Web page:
Large format detailed map of Oregon, published by Rand, McNally & Company.
The map shows towns, rivers, railroads, mountains, lakes, etc.
One of the most notable changes that occurred in Oregon during the 1890s was the formation of several new counties. In 1893, Wheeler County was created from parts of Grant, Gilliam, and Crook counties. This new county was named after Henry H. Wheeler, who was the chief justice of the Oregon Supreme Court at the time. The creation of Wheeler County was significant because it marked the first time that a new county had been formed in Oregon since 1885.
In 1899, Sherman County was created from parts of Wasco County. This new county was named after William Tecumseh Sherman, who was a Union Army general during the American Civil War.
Another significant change that occurred in Oregon during the 1890s was the expansion of the state's railroad system. In 1890, the Oregon Short Line Railroad was completed, linking Granger, Wyoming to Huntington, Oregon. This new railroad provided a direct connection between the Union Pacific Railroad and the Oregon Railroad and Navigation Company, which ran from Portland to Huntington.
In 1892, the Oregon and California Railroad completed a line from Eugene to Ashland, connecting the Willamette Valley to Southern Oregon. In 1893, the Astoria and Columbia River Railroad was completed, providing a direct rail connection between the city of Astoria and Portland.
In 1899, the Spokane, Portland and Seattle Railway was completed, connecting Spokane, Washington to Portland, Oregon. This new railroad provided a direct connection between the Inland Empire and the Pacific Northwest.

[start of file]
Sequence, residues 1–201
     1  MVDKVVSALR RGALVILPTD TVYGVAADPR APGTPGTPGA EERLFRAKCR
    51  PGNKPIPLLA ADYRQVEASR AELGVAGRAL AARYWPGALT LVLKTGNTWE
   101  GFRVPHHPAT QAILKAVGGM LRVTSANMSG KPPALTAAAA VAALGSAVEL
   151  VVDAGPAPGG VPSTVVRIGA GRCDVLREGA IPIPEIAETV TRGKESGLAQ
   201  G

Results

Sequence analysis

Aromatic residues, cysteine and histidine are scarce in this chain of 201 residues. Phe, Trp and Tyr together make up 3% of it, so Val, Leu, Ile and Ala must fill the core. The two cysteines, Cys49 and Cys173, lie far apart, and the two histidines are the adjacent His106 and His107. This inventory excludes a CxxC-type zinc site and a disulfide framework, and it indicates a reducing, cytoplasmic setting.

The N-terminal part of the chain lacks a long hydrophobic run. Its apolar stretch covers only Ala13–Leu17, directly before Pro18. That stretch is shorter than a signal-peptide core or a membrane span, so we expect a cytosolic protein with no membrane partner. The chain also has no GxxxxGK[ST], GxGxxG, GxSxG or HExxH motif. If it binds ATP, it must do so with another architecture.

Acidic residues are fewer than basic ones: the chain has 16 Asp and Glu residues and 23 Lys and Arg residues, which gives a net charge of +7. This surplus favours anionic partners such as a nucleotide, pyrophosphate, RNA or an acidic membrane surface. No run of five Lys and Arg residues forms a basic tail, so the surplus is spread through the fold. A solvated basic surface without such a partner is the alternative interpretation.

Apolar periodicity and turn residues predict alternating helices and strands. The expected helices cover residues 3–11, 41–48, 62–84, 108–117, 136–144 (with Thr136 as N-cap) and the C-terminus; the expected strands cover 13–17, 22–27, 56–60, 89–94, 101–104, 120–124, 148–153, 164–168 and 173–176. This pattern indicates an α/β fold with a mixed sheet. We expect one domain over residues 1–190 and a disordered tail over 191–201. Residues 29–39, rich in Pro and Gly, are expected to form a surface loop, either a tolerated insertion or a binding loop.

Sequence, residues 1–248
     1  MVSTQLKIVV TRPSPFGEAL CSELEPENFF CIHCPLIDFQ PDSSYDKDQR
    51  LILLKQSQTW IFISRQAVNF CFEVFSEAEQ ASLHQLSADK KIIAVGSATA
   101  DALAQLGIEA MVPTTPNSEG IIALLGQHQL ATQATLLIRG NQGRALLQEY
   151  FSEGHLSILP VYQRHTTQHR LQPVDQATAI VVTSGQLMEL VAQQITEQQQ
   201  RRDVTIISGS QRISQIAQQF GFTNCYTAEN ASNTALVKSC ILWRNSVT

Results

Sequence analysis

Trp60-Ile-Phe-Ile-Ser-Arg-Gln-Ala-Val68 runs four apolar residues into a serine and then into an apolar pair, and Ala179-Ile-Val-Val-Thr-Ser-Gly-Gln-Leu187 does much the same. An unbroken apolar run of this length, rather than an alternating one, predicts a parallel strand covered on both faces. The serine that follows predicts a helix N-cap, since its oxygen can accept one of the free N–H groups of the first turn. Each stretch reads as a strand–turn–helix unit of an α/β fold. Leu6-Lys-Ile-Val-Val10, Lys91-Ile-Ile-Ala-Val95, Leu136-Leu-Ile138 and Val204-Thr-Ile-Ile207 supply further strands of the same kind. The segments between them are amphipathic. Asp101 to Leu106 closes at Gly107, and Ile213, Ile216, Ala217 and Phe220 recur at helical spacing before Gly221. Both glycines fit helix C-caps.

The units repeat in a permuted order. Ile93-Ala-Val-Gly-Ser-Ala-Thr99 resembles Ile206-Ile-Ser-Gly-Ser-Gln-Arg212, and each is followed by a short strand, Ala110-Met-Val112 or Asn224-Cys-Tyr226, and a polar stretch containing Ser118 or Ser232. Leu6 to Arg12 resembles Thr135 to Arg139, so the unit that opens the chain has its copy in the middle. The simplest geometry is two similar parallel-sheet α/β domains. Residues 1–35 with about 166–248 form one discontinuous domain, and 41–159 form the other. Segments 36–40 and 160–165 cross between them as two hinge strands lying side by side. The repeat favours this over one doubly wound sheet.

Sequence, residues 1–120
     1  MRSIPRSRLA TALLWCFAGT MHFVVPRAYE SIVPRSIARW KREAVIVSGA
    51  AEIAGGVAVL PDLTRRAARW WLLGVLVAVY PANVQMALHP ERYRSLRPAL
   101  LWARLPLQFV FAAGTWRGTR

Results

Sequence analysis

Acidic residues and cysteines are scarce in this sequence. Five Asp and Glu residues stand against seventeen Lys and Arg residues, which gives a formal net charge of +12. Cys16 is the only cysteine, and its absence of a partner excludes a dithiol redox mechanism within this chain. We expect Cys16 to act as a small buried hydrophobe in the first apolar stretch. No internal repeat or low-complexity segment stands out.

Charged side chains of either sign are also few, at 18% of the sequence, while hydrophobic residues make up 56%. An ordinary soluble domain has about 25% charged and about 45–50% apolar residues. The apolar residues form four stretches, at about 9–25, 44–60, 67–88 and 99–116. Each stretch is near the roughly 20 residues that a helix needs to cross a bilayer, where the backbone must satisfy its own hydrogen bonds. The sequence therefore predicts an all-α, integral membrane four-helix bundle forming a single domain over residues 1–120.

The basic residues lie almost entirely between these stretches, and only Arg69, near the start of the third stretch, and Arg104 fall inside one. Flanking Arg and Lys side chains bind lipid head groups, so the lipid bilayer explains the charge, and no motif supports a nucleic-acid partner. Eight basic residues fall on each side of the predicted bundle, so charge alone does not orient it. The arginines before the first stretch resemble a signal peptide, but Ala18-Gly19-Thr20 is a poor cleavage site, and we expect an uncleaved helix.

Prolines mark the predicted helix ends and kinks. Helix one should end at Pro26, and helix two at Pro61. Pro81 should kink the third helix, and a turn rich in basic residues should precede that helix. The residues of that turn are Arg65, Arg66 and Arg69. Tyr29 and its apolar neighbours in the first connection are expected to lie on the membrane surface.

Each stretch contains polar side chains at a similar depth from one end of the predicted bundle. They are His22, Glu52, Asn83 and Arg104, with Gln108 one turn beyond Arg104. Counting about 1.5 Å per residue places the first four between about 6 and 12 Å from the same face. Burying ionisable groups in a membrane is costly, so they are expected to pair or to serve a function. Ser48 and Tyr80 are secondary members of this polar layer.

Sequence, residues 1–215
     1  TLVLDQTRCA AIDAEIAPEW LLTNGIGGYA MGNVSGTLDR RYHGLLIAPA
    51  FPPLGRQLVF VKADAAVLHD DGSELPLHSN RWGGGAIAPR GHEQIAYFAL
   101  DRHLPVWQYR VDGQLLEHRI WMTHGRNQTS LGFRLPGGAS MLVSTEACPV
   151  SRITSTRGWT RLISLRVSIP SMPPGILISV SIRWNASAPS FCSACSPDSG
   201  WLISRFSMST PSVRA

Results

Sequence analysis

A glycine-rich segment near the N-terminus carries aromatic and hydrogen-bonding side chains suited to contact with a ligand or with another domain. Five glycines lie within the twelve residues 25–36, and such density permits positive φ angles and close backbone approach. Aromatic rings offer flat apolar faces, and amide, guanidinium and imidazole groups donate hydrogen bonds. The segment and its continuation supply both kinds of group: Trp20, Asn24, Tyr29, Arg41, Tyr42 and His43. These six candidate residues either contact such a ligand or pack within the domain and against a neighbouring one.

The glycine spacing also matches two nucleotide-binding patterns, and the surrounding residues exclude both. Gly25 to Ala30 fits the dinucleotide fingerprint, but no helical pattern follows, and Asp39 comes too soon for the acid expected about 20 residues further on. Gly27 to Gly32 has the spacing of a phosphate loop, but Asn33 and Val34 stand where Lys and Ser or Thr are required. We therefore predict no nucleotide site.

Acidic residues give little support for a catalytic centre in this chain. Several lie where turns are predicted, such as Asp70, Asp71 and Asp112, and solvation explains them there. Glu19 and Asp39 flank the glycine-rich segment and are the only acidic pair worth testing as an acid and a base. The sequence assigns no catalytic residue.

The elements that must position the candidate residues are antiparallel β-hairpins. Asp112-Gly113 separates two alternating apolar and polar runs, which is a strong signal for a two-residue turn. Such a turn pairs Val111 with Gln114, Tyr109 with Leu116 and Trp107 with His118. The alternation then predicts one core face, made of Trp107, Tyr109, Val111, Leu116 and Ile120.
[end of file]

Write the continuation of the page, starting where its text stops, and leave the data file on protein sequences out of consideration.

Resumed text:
Rand McNally & Co. is a large American map and navigation company best known for its annual atlases. The company got its start in 1856, when William Rand opened a print shop in Chicago. He was joined in 1858 by a new employee, Andrew McNally. Together, the men established their namesake company in 1868. Originally, the company was intended to print the tickets and timetables for the trains running to and through Chicago; their first railway guide was published in 1869.
By 1870, they had shifted from just printing to publishing directories, travel guides, and newspapers. Their first map appeared in 1872 in a railway guide. The map was produced using a new wax engraving method, a cheaper process that gave the company an edge.
By 1880 Rand McNally had entered the education market with globes, wall maps, and geography texts for students. In 1923, Rand McNally published the first Goode’s World Atlas, named after its editor, Dr. J. Paul Goode. For generations afterward, this would be the standard classroom atlas.
In 1899, William Rand left the company, but McNally and his family remained, controlling the company for over a century. In 1904, they published their first road map intended for automobiles and by 1907 were publishing Photo-Auto Guides, which combined photography and mapping to help drivers. In 1924, they produced the Auto Chum, a precursor to their famous road atlases. Rand McNally would remain the leader in road maps and atlases throughout the twentieth century.
In 1937, Rand McNally opened its first store in New York City. Ever on the frontier of technology, Rand McNally pioneered the scribing process for printing tickets in 1958 and printed their first full-color road atlas in 1960. Arthur Robinson developed his now-famous projection of Rand McNally in 1969. By the 1980s, the company was exploring digital reproduction and digital databases of maps for truckers. In the 1990s, they lead the charge to develop trip-planning software and websites. Today, most of its products are available online or in a digital format, including maps for tablets and phones.